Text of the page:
The book is aimed at young adults but as a much older “Anglo” I was fascinated.  A nice touch by the author included the chapter titles, which were all definitions of chemistry terms and hinted at what was to come. Without giving too many details away, the author uses Azra’s thoughts and feelings to describe how difficult it is to be the “dutiful” daughter immersed in a multi-cultural school in Australia.  We also see how different Azra’s life is compared to her brother's, how teachers might not even consider the difficulties involved in attending a competition run outside school for someone like Azra.  Ultimately we see what happens when a young girl is promised to someone they have never met.  The author does find a few ways to illustrate the arguments around the benefits of arranged marriages but what happens to Azra goes way beyond the boundaries.  The issues that this story highlights are numerous and enormous.

Great characters, a terrific read, and a story that should provoke much discussion.  Highly recommended.

This review has also been posted on

Wednesday, 10 August 2016

Book Review: Keep You Close by Lucie Whitehouse

Keep You Close
Publisher: Bloomsbury

Bit of a page-turner for me.

The story opens with a prologue - a confrontation on a rooftop.  We then discover that artist Marianne Glass has fallen to her death  but her childhood friend, Rowan Winter, doesn’t believe it was an accident.  A card she received from Marianne just before the funeral suggested that Marianne needed to talk to her - surprising because they had fallen out over 10 years ago…

Rather like an Inspector Morse story  (I wouldn’t feel safe if I lived in Oxford), the writer skillfully takes us on a tour of Oxford itself and places the reader into the heart of the well-educated, middle class families living there.  I gather that the author read Classics in Oxford which explains how well she conveys the scenes. Yet, there is a grittiness to the story as Rowan takes it upon herself to try and find out what happened on the rooftop, returning to her teenage haunts and catching up with people from their past.  Perhaps someone else knew  Marianne’s secret?  (Note to Carrie Hope Fletcher  re On the Other Side: this is exactly the kind of secret that would weigh your soul down and be worrying enough to protect ). 

The build-up is slow like a slow-rollercoaster but you’ll want to keep reading, it is worth the effort.  There were a couple of times I had to flick back a few pages as I thought I had missed some important clue and there are a few red herrings about.  There was just one point where I thought I'd hit a bump and the story changed gear but that was quickly resolved by the clever ending….

Well worth reading if you love mystery- murders.

Sunday, 7 August 2016

Book Review: Walking the Himalayas by Levison Wood

Walking the Himalayas: An Adventure of Survival and Endurance
Available at

This isn’t the type of book I would normally choose to read  (I won this copy) and apart from noticing the TV trailer, I had never heard of Levison Wood.  I had obviously missed his Nile adventure so I was surprised just how much I enjoyed reading this book.

The book opens with a sketch map detailing the proposed journey across The Himalayas from Afghanistan through 5 countries before ending in Bhutan.  I can’t say that any part of the route appeals to me. Although I enjoy travel and have done some trekking in the past, Nepal and India always seem to be a magnet for travellers and backpackers but they have never particularly appealed to me.

Levison’s story begins with him recalling his travels as a teenager in 2001 when he was befriended by his trekking partner Binod, who gave him shelter during an uprising in Pokhara, Nepal.  Later, following his Nile adventure and Levison’s attempt to lead a normal life, it was his University friend Ash who encourages Levison to return to the Himalayas and plants the idea for another epic walk.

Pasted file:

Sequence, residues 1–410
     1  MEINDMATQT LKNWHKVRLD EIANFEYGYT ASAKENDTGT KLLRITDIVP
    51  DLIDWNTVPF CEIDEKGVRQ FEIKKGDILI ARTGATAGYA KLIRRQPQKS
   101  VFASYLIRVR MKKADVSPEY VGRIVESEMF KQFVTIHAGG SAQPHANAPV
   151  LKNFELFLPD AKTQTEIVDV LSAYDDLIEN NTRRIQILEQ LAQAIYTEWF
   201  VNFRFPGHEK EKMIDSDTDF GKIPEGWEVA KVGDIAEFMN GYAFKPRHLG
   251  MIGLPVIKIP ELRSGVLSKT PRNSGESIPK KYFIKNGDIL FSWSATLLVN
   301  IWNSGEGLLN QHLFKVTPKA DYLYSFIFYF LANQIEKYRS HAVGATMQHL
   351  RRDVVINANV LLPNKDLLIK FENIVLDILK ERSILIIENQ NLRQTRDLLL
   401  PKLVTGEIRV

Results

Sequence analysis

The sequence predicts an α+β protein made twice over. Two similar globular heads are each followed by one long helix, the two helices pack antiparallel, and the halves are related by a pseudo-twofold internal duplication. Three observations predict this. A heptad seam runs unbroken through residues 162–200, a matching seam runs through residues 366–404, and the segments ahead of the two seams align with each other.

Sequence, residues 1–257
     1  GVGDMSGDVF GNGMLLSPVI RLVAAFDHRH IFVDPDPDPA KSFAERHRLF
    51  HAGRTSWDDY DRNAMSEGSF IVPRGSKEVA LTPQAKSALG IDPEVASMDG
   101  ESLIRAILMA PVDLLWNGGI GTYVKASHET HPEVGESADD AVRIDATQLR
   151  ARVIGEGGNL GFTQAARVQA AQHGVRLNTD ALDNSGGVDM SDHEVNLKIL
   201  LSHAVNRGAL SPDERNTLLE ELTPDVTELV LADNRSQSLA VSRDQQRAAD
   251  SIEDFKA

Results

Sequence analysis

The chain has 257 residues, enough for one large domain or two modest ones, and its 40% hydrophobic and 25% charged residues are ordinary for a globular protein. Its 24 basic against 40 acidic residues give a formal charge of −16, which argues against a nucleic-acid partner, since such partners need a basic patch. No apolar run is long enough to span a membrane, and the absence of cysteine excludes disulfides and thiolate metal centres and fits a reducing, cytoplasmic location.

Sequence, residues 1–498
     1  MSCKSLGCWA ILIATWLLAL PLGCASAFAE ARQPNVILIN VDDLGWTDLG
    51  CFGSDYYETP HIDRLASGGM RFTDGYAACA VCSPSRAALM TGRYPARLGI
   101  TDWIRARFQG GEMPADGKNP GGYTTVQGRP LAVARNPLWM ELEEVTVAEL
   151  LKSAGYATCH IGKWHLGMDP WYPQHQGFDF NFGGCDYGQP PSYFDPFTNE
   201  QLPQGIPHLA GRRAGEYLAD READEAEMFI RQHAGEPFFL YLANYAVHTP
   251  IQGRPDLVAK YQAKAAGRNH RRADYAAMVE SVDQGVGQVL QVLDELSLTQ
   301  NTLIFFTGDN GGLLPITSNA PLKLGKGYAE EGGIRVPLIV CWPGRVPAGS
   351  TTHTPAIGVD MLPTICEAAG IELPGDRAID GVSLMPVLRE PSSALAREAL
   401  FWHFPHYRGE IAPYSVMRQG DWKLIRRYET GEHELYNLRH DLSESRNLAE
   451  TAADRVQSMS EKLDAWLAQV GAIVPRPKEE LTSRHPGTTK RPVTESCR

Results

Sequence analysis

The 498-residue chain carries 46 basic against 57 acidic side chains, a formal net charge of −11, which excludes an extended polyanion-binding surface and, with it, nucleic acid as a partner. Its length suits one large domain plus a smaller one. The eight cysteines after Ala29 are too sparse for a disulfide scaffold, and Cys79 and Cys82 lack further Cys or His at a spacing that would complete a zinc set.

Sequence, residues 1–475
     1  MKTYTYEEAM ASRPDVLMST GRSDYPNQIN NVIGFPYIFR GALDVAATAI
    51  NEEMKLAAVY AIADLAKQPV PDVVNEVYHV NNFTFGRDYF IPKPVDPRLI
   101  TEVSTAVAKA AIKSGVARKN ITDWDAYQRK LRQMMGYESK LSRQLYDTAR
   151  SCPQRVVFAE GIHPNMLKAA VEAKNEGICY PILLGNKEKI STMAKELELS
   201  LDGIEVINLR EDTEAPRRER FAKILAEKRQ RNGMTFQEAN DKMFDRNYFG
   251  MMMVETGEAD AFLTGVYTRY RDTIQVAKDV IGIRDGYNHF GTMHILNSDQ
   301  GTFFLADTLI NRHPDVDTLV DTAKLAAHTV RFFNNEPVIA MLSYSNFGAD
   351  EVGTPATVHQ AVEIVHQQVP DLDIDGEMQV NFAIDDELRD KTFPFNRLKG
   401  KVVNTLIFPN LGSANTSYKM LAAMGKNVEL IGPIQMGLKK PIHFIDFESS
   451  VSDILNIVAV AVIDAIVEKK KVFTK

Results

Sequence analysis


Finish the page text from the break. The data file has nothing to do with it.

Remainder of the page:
Levison’s narrative is absorbing and honest.  His rich descriptions of the scenery and the people he meets take you on the route with him.  His guides along part of the way include Binod, Ash and later his brother. It is during the period when he is joined by his brother and Binod that the story really grips hold because Levison has been warned by mystics on two occasions, that one of his ”brothers” will not make the journey.  With so many dangers ranging from Tigers, crocodiles, dangerous roads, warfare to the mountains themselves, suspense hangs over each page.

Levison also has an engaging way of delivering the history of a region and describing the culture without making the reading too heavy and tiresome.  I also liked the way he described some of the travel books and guides that inspired his love of exploration and travel.  His tale also reminds you about the huge inequalities in the world and that wealth does not necessarily equate to happiness.

Well worth reading!

and his earlier trek, and one I'll be looking out for:

Thursday, 4 August 2016

Great Expectations but has the spell been broken?

When is a book not a book?  When it’s a screenplay.

Well, I’m glad I’m not a Harry Potter fan.  Seems that there are a LOT of disappointed fans out there.  All the hope and expectations of the eighth book seem to have been  shattered when fans discovered that it's not a book but a script for the stage play presented as a book. Although approved by J.K Rowling it was penned by Jack Thorne.

Maybe this is more a case of expectations.  Not a Harry Potter fan myself, I was vaguely aware of a new book being promoted but I didn’t pay much attention. I wouldn’t have noticed it was a screenplay even though it says it clearly on the cover (I looked today).   Although reviews show heaps of Potter fans will still love it and see it as a continuation of the story, reading a screenplay just isn't the same as reading the book.  Far better to just go and see the show...or maybe that's what will happen...

I feel a bit sorry for those disappointed fans.  I’m still smarting that “On the Other Side” my last read, didn’t have a age guide or genre on the cover which might have lessened my disappointment but its all about expectations isn’t it?  Still, we get over these disappointments and learn to be a little more wary of clever marketing and hype in the future.  Or do we?

Now onto my next read….staying well away from fairytales I won Levison Wood’s book “Walking the Himalayas” this week and its off to an interesting start.  I did have a dilemma - whether to watch the TV series first or read the book but I’m going for the book first.  I didn’t want to get caught up in any hype!